Monday, July 30, 2007

Information Security Policy 101 – Vendor/Third-Party Access Policy

Part 17 in the Information Security Policy 101 Series

Some organizations call on the support of a third-party and/or vendor rarely. Other organizations have third-party support personnel in and out of various areas all day, every day. Most organizations fall somewhere in the middle. I cannot think of a single organization that has not allowed a third-party and/or vendor at least physical access to restricted areas to conduct seemingly innocent tasks.

Question: What governs a vendor and/or other third party's access?

Answer: Vendor/Third-Party Access Policy.

NOTE: Some organizations have already negotiated detailed contracts with vendors and other third-party entities. In some instances an existing contract may need to be appended, a new contract drawn up, or a waiver request approved.

General Policy Format
All information security policies should have the following sections at a minimum:

Purpose – This is the stated purpose of the policy and clearly communicates why it was written.

The purpose of the %ORGANIZATION% Vendor Access Policy is to establish the
rules for vendor access to %ORGANIZATION% Information Resources and support
services (A/C, UPS, PDU, fire suppression, etc.), vendor responsibilities, and
protection of %ORGANIZATION% information. Vendor access to
%ORGANIZATION% Information Resources is granted solely for the work
contracted and for no other purposes.

Audience – This section of the policy states who the policy statements apply to, or who is governed by them. A Third-Party/Vendor Access Policy typically applies to those persons involved in contracting third-party/vendor support and representatives of the third-party/vendor itself.

The %ORGANIZATION% Vendor Access Policy applies to all individuals that are
responsible for the installation of new %ORGANIZATION% Information Resource
assets, and the operations and maintenance of existing %ORGANIZATION%
Information Resources, and who do or may allow vendor access for support,
maintenance, monitoring and/or troubleshooting purposes.

Policy – The section that contains the actual policy statements.

Other sections that may be added to security policies could be definitions, scope, responsibilities, etc.

Vendor/Third-Party Access Policy
The Vendor/Third-Party Access Policy is longer and more in-depth than some of the policies we have covered most recently. Use the information gleaned from your business assessment to determine to what extent your policy should be detailed towards the information resources you are trying to protect.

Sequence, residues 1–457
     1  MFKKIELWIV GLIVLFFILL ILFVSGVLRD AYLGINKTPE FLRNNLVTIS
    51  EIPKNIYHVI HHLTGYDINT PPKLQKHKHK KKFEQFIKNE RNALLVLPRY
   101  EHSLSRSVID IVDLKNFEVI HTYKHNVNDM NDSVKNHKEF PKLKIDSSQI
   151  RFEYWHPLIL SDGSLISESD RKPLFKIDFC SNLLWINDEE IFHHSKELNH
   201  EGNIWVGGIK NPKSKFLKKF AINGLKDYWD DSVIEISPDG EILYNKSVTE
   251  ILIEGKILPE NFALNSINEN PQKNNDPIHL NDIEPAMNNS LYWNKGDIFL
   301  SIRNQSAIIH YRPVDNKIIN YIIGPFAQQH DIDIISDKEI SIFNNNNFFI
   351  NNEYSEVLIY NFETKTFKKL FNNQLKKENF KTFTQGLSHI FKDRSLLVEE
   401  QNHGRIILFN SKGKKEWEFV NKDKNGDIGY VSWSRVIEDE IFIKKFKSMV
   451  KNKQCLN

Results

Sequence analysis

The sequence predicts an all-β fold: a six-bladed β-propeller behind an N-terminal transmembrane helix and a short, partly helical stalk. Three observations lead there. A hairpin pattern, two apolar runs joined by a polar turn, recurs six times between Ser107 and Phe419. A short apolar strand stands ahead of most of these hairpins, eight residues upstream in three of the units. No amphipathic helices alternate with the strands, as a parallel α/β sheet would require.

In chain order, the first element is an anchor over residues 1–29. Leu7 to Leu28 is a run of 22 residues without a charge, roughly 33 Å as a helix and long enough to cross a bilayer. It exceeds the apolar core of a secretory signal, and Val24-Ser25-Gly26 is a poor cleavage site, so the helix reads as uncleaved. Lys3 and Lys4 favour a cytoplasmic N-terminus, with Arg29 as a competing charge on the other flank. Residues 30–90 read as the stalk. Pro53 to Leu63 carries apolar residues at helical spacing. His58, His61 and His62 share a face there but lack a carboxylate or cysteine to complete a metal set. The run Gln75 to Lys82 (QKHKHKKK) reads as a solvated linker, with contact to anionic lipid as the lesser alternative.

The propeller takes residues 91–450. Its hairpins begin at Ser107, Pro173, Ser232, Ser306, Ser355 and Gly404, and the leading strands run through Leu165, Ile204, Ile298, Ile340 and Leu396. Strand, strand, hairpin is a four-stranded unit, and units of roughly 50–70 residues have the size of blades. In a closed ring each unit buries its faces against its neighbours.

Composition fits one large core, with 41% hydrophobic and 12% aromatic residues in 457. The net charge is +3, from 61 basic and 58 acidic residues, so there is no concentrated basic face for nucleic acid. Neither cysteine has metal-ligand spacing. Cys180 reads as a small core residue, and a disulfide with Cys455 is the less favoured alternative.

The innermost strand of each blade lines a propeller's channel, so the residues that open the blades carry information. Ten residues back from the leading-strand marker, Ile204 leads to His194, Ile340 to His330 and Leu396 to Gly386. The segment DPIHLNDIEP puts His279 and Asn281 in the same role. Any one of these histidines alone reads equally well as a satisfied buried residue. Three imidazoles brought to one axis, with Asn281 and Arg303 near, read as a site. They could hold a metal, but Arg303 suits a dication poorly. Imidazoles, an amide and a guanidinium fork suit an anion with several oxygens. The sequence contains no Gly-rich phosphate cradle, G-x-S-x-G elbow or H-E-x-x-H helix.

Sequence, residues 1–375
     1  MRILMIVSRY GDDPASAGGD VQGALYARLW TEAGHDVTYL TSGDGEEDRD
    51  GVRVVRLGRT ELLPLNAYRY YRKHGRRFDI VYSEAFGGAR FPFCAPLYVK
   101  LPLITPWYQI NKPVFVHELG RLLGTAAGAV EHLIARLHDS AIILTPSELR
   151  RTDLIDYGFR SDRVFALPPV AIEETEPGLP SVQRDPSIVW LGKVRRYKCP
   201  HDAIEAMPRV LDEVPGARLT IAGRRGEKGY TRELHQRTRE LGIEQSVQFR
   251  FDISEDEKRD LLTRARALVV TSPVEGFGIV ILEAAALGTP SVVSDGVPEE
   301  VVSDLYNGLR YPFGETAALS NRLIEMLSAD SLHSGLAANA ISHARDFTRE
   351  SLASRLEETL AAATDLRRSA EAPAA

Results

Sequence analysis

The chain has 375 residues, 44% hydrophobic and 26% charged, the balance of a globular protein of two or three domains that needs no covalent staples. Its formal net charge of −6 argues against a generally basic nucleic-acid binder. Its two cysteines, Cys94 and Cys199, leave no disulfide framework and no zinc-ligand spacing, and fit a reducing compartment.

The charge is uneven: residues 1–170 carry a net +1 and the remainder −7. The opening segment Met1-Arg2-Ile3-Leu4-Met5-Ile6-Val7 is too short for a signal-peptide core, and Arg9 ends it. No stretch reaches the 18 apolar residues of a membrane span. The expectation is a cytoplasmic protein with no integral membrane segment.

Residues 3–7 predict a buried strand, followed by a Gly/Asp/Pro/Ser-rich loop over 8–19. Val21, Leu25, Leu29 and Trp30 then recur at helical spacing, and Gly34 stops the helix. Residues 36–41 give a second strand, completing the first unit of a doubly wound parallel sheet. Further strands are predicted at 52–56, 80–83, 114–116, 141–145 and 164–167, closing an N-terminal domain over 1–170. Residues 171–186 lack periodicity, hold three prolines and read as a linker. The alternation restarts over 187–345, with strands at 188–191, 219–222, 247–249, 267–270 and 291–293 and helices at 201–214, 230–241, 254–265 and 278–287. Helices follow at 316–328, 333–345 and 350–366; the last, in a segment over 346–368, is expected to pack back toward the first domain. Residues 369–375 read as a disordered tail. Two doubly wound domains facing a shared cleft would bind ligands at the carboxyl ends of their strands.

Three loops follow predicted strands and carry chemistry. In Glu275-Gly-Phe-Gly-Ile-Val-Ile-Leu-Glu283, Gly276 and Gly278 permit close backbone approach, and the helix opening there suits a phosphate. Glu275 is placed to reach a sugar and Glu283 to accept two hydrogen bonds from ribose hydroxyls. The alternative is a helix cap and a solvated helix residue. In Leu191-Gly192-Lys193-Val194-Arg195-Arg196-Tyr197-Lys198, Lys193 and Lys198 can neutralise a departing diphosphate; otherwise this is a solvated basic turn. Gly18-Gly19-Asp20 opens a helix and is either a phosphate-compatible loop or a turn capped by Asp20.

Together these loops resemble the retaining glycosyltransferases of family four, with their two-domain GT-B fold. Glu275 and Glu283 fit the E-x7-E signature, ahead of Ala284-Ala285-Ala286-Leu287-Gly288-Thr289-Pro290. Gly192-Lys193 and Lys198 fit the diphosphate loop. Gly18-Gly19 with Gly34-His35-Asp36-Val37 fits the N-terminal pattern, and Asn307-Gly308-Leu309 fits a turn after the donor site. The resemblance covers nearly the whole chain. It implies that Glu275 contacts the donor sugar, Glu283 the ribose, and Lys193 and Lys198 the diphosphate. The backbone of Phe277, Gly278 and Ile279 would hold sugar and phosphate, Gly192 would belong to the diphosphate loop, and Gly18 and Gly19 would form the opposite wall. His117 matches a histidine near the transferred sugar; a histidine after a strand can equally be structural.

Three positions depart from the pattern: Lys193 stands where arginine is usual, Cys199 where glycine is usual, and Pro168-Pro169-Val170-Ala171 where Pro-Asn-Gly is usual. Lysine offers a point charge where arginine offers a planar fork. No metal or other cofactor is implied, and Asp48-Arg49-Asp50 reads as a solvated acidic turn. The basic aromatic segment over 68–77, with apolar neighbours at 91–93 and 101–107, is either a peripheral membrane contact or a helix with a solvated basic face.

TIP: Have your legal department (or whoever is in charge for negotiating contracts) review the policy in detail. You may also choose to have your legal department assist you in the drafting of this policy.


- Vendors must comply with all applicable %ORGANIZATION% policies, practice standards and agreements, including, but not limited to:
@ Safety Policies
@ Privacy Policies
@ Security Policies
@ Auditing Policies
@ Software Licensing Policies
@ Acceptable Use Policies
- Vendor agreements and contracts must specify:
@ The %ORGANIZATION% information the vendor should have access to
@ How %ORGANIZATION% information is to be protected by the vendor
@ Acceptable methods for the return, destruction or disposal of %ORGANIZATION% information in the vendor’s possession at the end of the contract
@ The Vendor must only use %ORGANIZATION% information and Information Resources for the purpose of the business agreement
@ Any other %ORGANIZATION% information acquired by the vendor in the course of the contract cannot be used for the vendor’s own purposes or divulged to others

The draft, approval, and implementation of a Vendor/Third-Party Access Policy will assist in ensuring that information security is forethought in contract negotiations and no longer an afterthought. Seasoned information security personnel understand the benefit of information security applied early on vs. retrofitting an existing solution with security after the fact.


Next in the series: “Information Security Policy 101 – Virus Protection Policy”

Previous: “Information Security Policy 101 – “Software Licensing Policy”

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